Reasons for the Aroostook War for kids: 1783 Treaty of Paris
Following the Revolutionary War of Independence, the 1783 Treaty of Paris was signed ending hostilities between the United States and Great Britain and in which U.S. boundaries were established. In the Treaty of Paris the northeastern border of the United States was described as follows:
"From the northwest angle of Nova Scotia, to wit, that angle which is formed by a line drawn due north from the source of the St. Croix river to the highlands, along the said highlands which divide those rivers that empty themselves into the St. Lawrence, and those which fall into the Atlantic ocean, to the northwestern most head of the Connecticut river."
The description of the borders was very unclear. The reason for this was because the vast interior of the region had neither been explored nor mapped.
Reasons for the Aroostook War for kids: Background History
The basis of land claims in the Aroostook War dispute was based on the 1783 Treaty of Paris. Other treaties had been made clarifying borders such as the 1794 Jay Treaty nor the 1814 Treaty of Ghent. The Treaty of 1818 set the 49th parallel as the border with Canada from Rupert's Land west to the Rocky Mountains but the area of Aroostook was left undefined.
Reasons for Aroostook War: Background History
The Treaty of Ghent restored things to the way they were before the War of 1812. Article V addressed the unresolved border dispute - the demarcation of the "highlands" that were to be the boundary between the US and Britain's colonies. In order to achieve the peace terms the issue of the boundary was differed. Article V of the Treaty of Ghent stated:
Commissioners were to be appointed, to survey the area and establish the border
In the event that the commissioners disagreed, The British and the Americans agreed to put the decision in the hands of "some friendly sovereign or State"
This impartial third party would determine the border between Maine, New Hampshire, Vermont and New York in the US, and New Brunswick and Lower Canada (Quebec)
Reasons for Aroostook War: Maine becomes a state
Maine became a state in 1820 and began granting land to settlers in the Aroostook Valley, ignoring British claims. The situation became more antagonistic. The "highlands" boundary separated rivers draining into the St. Lawrence from those entering the Atlantic. Maine insisted this height of land was north of the St. John River, whilst New Brunswick insisted the Penobscot watershed was the boundary line. The increased American settlement in the 1820s brought further tensions to the area, and these were made even worse when lumberjacks from Maine and New Brunswick converged on the timber adjacent to the Aroostook, Allagash, and St. John rivers.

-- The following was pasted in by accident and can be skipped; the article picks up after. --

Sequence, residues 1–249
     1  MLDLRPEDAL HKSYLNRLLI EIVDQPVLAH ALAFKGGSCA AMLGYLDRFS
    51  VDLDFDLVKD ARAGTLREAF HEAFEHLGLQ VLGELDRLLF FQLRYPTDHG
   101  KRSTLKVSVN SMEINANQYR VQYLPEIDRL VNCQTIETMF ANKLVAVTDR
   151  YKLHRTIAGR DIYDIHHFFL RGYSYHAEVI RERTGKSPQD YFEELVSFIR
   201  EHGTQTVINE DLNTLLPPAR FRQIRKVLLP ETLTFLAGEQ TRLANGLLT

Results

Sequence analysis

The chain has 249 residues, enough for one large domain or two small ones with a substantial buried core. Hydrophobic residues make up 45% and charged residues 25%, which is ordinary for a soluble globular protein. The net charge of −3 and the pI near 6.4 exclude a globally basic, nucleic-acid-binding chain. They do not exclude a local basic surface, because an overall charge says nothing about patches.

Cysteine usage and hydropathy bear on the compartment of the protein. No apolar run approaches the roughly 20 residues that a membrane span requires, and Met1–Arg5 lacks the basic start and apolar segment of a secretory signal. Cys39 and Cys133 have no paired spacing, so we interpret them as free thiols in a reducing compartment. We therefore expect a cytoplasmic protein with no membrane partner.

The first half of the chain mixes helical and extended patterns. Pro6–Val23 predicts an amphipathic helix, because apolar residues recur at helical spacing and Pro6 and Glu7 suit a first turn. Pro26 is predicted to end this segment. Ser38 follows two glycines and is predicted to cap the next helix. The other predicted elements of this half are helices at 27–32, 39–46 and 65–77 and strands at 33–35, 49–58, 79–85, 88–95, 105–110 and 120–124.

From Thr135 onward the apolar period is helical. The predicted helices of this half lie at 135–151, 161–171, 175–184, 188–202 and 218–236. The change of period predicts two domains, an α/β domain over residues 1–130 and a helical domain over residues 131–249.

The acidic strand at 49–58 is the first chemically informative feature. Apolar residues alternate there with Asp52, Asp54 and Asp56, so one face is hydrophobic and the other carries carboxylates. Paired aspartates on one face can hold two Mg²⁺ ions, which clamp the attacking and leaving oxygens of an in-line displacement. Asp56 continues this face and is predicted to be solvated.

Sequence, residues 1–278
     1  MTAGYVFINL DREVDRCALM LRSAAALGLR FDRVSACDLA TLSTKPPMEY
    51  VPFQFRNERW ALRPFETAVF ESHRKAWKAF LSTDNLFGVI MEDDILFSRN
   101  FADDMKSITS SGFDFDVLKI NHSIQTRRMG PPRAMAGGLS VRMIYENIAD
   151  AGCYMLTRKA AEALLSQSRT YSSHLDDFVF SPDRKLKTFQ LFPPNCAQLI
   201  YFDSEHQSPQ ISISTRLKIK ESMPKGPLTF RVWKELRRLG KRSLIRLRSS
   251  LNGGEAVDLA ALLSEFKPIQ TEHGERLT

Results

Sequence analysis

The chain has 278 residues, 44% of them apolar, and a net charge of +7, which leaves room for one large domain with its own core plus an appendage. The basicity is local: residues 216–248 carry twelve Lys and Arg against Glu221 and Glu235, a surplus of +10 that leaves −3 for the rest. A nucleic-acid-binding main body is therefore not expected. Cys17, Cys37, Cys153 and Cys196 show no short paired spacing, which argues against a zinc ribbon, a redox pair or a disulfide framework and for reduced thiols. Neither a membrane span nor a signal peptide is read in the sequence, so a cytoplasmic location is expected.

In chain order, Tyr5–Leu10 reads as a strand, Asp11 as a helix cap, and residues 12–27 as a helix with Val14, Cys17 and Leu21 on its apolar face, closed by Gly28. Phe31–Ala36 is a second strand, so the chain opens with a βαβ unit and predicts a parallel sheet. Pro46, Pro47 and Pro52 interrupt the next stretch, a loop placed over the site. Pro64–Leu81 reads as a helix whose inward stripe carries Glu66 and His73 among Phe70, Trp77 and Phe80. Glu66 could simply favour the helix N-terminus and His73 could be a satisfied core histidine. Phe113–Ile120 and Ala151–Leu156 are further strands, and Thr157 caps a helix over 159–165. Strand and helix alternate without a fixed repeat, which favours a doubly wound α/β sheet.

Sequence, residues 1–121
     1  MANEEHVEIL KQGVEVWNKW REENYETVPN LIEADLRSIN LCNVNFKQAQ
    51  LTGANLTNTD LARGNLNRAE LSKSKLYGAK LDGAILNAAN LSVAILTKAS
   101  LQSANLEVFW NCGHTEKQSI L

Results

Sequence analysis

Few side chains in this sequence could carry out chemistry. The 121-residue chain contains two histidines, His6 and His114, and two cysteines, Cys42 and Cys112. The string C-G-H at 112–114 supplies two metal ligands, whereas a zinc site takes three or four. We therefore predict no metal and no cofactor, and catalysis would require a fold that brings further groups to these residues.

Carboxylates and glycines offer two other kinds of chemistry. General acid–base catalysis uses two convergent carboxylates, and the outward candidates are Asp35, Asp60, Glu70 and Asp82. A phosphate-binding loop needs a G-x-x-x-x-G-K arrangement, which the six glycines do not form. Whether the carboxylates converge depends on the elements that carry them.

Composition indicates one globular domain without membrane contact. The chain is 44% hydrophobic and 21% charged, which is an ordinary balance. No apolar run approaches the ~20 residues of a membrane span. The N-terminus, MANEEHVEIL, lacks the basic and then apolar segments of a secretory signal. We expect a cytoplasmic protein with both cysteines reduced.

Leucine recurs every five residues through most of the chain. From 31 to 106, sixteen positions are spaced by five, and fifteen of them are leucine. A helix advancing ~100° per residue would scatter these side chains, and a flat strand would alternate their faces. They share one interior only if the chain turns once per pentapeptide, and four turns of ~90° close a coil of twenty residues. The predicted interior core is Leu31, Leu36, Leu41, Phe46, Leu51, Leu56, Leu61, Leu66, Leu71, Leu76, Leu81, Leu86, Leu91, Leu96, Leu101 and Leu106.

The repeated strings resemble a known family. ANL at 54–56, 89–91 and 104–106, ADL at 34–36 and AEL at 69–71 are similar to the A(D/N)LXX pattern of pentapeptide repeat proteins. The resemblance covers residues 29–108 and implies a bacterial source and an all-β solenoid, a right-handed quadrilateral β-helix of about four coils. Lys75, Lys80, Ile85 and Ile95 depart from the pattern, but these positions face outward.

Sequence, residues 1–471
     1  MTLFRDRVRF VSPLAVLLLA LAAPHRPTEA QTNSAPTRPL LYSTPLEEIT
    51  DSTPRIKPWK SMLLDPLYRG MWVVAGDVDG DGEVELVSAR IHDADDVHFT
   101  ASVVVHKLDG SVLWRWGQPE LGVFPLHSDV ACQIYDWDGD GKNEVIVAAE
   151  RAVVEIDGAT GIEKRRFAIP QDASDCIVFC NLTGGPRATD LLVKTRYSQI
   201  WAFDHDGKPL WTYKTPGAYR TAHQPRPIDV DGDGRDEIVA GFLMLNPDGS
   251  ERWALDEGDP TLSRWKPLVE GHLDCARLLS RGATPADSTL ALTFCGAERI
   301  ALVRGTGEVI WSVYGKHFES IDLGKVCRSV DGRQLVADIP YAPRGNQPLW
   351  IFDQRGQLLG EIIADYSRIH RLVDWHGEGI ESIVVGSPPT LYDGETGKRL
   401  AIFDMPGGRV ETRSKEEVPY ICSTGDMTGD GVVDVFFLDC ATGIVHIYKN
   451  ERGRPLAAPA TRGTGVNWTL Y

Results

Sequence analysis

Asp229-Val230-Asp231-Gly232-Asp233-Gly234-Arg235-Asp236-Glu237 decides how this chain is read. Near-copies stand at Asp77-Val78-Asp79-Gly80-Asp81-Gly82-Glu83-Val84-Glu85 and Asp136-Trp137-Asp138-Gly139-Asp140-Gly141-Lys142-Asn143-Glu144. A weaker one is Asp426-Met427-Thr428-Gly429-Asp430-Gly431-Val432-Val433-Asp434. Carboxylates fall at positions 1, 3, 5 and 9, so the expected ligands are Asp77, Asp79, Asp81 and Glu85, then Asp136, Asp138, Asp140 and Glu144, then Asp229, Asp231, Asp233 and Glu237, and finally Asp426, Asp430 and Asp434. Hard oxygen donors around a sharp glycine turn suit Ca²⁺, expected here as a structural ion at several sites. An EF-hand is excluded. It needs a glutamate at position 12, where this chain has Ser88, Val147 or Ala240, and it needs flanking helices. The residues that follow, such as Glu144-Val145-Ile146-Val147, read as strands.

Aroostook War: Arbitration by King William I of the Netherlands
The Commissioners attempting to agree the borders could not come to an agreement and put the decision in the hands of "some friendly sovereign or State". In 1831 King William I of the Netherlands was called upon to make an arbitrary decision on the disputed boundary.
Aroostook War: The Canadian Rebellions and the Caroline Affair
The Rebellions of 1837 were two armed uprisings that took place in Lower and Upper Canada in 1837 and 1838 leading to the Caroline affair that strained relations between the United States and British Canada even further.
Aroostook War: US Rejects the Arbitration Decision
The British accepted his decision but Maine were extremely unhappy, pressured the government and the US Senate rejected the arbitration decision. This sparked the International Incident known as the Aroostook War.
Aroostook War: Neutrality Law of 1838
The Neutrality Law of 1838 was passed empowering civil authorities to prevent border excursions.
Facts about Aroostook War
The following fact sheet contains interesting facts and information on Aroostook War.
During the winter of 1838/39 Canadian lumberjacks arrived in the disputed Aroostook area to cut timber - as did lumberjacks from Maine
The Maine legislature authorized Maine's land agent, Rufus McIntire, the Penobscot County sheriff, and a posse of volunteer militia to arrest the New Brunswick lumberjacks
Some New Brunswick lumberjacks were arrested and their equipment and animals confiscated
The Canadian lumberjacks raised their own posse and retaliated by seizing the land agent, Rufus McIntire, and others who had been sent to expel them
In March 1839 British troops from Quebec reached Madawaska, the American sector of Aroostook
Maine pressurized Congress authorized a force of 50,000 men and appropriated $10 million to address the crisis
Both Maine and New Brunswick called out their militia.
Maine actually sent 10,000 troops to Aroostook
President Van Buren sent General Winfield Scott to Aroostook to diffuse the situation
In March 1839 General Winfield Scott negotiated with an agreement the British negotiator, Sir John Harvey, agreeing a truce and a joint occupancy of the area in dispute until a satisfactory settlement could be reached
The officials of Maine and New Brunswick and the British agreed to refer the dispute to a boundary commission
The agreement averted all military action.
Neither side wanted an expensive war that would interrupt trade
No serious fighting actually took place during the Aroostook "War" although there were a couple of skirmishes and clashes between the lumberjacks
The boundary was later settled by the Webster-Ashburton Treaty of 1842